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Compiled and edited by Julie Tereshchuk
I work at a small firm but internal communication is a constant challenge. And it comes from the top. There are only 10 of us, but the boss constantly leaves me/us in the dark. And it happens across the board — about new prospects, about potential new hires, about process changes. I really like her as a person but it is frustrating to work with her.
This is a great question about a common problem.
It seems that you’ve already determined you’re not alone in being left in the dark. So, the boss’ behavior is not about you personally. That should help keep the issue out of the personal realm so it can be addressed professionally.
The best way to improve communication is to, well, communicate but not in an accusatory or unpleasant way. I would recommend a one-on-one conversation with the boss, perhaps about a project you’ve been assigned.
You can express a desire to do good work and ask for guidance in how you can best deliver what the boss wants. You may express a need for clarity to make sure you understand what she wants by restating what you’ve heard and asking her if that’s correct. Requesting a weekly 15-minute check-in may help keep the ball rolling so that you can use them to discuss current projects but also to ask about policy changes, prospects and other important issues.
Even though she’s the boss, that doesn’t mean that you can’t be the one to initiate more and better communication. Once it’s safe pandemic-wise, you might see if she has time for lunch.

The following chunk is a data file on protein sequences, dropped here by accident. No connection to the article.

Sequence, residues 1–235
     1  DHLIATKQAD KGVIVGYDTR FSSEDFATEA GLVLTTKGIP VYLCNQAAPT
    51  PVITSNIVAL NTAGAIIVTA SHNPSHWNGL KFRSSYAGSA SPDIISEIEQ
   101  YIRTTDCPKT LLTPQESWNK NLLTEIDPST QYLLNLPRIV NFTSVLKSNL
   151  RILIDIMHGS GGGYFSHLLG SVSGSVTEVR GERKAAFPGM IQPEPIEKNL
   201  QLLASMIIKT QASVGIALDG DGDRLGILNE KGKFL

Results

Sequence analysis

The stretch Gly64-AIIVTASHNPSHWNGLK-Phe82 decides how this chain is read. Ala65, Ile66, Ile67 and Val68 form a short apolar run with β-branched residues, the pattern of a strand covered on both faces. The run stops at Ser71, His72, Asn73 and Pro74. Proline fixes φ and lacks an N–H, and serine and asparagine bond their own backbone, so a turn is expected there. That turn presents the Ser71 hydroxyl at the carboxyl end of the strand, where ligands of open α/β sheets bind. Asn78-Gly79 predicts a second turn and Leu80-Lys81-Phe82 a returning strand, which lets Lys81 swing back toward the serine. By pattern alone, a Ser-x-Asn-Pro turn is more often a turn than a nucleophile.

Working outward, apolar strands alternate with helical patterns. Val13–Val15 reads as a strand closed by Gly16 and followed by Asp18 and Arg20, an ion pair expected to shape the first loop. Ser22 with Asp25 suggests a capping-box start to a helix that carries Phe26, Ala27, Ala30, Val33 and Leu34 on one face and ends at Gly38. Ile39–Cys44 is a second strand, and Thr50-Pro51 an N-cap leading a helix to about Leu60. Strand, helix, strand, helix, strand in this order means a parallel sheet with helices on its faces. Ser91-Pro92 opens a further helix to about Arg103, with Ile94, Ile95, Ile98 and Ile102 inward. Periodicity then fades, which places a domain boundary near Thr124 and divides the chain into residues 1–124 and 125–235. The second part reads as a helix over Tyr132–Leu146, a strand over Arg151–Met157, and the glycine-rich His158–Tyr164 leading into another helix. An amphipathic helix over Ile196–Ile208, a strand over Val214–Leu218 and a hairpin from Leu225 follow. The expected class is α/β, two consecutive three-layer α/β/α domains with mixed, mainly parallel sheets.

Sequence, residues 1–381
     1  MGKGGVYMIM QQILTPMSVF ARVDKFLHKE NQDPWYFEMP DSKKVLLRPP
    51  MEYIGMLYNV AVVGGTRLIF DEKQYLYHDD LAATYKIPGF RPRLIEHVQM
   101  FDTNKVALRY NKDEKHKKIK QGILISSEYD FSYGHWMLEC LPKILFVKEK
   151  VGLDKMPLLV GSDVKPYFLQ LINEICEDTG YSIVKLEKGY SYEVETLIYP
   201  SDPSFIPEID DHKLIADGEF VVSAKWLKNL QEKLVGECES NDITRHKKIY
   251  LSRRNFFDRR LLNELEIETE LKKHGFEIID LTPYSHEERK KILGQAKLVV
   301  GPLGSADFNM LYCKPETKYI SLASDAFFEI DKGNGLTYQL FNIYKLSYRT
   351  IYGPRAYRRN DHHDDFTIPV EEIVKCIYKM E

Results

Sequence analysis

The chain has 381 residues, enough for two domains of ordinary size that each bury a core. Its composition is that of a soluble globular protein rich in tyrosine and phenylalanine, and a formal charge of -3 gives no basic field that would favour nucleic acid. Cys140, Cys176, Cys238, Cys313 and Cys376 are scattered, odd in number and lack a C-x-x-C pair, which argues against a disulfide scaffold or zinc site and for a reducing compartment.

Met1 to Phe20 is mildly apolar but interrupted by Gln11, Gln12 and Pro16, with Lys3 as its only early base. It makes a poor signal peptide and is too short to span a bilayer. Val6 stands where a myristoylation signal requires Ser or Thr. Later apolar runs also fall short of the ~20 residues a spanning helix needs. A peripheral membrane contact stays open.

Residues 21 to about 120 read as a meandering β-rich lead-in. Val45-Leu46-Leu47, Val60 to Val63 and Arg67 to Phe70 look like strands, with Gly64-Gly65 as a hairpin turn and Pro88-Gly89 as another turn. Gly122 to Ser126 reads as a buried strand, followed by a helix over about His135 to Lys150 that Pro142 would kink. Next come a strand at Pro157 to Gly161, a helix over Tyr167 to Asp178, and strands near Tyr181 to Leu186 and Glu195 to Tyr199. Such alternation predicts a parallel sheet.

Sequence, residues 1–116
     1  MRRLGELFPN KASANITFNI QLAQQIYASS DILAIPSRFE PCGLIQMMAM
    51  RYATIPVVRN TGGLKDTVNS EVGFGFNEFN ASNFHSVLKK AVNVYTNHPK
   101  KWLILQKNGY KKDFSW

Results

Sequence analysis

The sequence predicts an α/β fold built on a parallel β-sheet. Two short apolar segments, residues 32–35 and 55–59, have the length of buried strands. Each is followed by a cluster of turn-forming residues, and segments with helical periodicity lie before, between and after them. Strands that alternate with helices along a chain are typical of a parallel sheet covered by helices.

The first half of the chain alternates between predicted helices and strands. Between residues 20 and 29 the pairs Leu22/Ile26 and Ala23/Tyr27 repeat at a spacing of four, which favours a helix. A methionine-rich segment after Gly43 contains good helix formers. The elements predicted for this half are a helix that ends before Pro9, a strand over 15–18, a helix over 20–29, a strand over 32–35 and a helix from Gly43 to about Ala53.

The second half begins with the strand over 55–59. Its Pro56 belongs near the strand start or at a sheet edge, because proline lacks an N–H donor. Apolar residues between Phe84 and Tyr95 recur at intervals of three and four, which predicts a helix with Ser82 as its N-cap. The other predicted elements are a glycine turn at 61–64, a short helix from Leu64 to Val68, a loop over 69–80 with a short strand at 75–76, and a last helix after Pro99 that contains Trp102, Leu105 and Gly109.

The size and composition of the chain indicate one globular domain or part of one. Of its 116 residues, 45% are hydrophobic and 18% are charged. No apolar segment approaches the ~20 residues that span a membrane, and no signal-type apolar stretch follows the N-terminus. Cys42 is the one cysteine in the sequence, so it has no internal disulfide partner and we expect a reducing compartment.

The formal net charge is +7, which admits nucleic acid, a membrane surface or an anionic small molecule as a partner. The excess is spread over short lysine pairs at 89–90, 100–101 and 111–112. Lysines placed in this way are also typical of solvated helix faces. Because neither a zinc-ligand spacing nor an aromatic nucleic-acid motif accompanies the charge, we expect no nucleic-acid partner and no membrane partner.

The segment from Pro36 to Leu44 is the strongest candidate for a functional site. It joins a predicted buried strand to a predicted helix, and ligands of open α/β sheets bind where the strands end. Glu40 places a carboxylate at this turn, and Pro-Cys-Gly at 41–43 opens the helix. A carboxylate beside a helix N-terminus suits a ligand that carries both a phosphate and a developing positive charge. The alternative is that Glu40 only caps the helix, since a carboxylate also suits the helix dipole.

Sometimes with a team that small, it’s hard to keep everyone informed when you’re wearing too many hats and spread too thin as a business owner, or when there is more bad news to express than good. As an entrepreneur myself, I get overwhelmed at times and my communication suffers.
But that’s no excuse, no matter how much you like her as a person. If there is not a company-wide communication platform being used, I’ve found greater luck telling all team members something instead of individually. Some use Slack, we use Trello, but email is an outdated way to communicate with teams. If that’s not in use, recommending researched tools could help, but if it IS already in use? Shame on your jefe.
I recommend researching books on “managing up,” a theory that is typically best suited for employees at large corporations, but some useful tidbits can be gleaned, particularly wording you can use to help encourage (aka squeeze out) proper communication.